Growth5 Blog

Monday, February 22, 2010

Assessing Value: A Metric that Can't Be Gamed

I was catching up on some reading this weekend and came across this article on a new business metric that is being used by more and more firms: EVA Momentum. The EVA stands for Economic Value Added.

The concept was developed by consultant Bennett Stewart (with Joel Stern) who claims the ratio can't be manipulated.
"It's the only percent metric where more is always better than less," he says. "It always increases when managers do things that make economic sense."
EVA itself is simply profit minus capital costs – here's how much we earned, now let's take out what we invested back into the company to recognize how much value we created.

EVA Momentum takes EVA and divides it by the prior period's sales. A great way to show the value momentum of a business.
"if a company increases its EVA by $10 million and the prior period's sales were $1 billion, then its EVA momentum is 1%. That's not bad, considering that for most companies this figure is zero or negative, and the average for many companies is generally around zero.

Stewart's firm, EVA Dimensions, has crunched the five-year data for firms with revenues of at least $1 billion. The three top performers by EVA momentum: Gilead Sciences (with an average annual EVA momentum of 24.3%), Google (22.7%), and Apple (12.1%).
What I like about this ratio is that it isolates real value in a simple way. Businesses would do well by incentivizing their management and paying them bonuses by focusing on this metric.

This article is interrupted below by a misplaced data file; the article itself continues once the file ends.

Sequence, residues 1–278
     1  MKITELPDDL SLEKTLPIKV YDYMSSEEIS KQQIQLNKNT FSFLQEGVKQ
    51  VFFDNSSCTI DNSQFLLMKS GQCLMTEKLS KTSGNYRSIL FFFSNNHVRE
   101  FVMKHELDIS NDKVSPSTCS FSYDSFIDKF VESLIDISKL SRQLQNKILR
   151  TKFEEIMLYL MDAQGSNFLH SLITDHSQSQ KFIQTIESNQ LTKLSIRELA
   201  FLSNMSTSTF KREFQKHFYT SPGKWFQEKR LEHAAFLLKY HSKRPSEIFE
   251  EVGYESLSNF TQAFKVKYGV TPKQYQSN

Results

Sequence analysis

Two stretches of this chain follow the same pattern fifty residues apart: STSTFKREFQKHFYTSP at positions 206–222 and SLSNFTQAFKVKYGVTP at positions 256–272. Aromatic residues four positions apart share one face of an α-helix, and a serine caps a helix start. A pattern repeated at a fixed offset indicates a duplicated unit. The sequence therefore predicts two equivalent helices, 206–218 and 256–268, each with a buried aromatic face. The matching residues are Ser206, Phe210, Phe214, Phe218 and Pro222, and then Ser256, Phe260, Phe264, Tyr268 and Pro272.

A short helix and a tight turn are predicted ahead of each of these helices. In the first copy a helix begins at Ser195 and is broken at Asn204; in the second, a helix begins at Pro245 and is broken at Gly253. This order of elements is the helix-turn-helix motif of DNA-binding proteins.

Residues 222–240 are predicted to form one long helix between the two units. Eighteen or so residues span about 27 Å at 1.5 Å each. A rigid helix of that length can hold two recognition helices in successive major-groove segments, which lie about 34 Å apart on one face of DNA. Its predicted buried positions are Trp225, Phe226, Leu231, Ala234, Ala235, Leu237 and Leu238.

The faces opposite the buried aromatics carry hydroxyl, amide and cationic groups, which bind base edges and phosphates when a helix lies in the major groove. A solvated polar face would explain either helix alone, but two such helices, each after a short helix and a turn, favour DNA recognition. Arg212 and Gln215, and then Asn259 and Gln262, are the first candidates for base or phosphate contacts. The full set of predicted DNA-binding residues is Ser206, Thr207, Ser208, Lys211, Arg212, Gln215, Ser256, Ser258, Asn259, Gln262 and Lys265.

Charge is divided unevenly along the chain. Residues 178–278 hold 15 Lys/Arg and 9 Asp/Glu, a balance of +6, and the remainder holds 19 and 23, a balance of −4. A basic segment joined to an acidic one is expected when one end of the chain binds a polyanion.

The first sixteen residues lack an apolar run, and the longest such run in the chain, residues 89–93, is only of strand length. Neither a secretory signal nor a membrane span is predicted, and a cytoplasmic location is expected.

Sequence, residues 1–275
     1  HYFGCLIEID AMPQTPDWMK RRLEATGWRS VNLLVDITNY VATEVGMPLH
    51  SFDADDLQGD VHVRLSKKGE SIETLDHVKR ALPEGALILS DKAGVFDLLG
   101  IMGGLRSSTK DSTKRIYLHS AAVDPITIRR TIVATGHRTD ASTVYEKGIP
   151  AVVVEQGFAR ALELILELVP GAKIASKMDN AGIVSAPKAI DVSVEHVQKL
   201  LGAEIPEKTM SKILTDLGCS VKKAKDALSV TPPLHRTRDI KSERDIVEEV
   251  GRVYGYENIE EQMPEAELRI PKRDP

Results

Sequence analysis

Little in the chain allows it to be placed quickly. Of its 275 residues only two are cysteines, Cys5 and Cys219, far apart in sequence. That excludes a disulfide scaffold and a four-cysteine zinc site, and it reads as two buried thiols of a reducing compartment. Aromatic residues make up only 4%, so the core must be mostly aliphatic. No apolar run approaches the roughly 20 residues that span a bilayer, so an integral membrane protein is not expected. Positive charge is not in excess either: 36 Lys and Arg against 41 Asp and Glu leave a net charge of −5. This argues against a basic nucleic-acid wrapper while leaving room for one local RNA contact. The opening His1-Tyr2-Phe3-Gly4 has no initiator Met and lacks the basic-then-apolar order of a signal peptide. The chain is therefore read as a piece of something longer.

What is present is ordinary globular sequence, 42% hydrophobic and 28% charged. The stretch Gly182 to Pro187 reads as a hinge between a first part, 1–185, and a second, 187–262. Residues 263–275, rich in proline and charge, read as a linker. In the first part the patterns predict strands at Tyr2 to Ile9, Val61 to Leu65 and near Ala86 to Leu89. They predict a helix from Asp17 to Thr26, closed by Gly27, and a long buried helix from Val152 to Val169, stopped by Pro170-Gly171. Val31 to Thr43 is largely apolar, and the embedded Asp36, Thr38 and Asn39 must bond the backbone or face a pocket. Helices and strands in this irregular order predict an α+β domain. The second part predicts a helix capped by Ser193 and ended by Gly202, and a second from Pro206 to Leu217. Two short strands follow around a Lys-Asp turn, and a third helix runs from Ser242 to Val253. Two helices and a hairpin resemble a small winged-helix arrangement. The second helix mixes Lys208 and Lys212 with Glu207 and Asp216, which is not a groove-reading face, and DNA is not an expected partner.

As the article points out, a lot of firms tend to focus on ratios that have potentially destructive side effects. Lehman focused on ROE (return on equity) for so long (and paid out huge corresponding bonuses) they didn't realize their people were actually incentivized to drive them out of business by taking on excessive leverage to increase their ROE more quickly.

EVA Momentum is either going in the right direction, or it's not – there's nowhere for management to hide. You are either creating value for your shareholders, or you are not.

Here are three ways the article points out on how to get EVA Momentum right:
1. Don't obsess about sales. Managers fixate on how to increase their company's revenues, but if it doesn't boost EVA, it does nothing to create value.

2. Bail out of EVA-negative businesses. Ford's sale of capital-intensive, EVA-sapping Jaguar and Land Rover shrank the company, but in the end increased its value.

3. Annihilate wasted capital. Cutting working capital, as Wal-Mart did in 2009, and offloading unproductive assets are great opportunities to build EVA when growth is slow.

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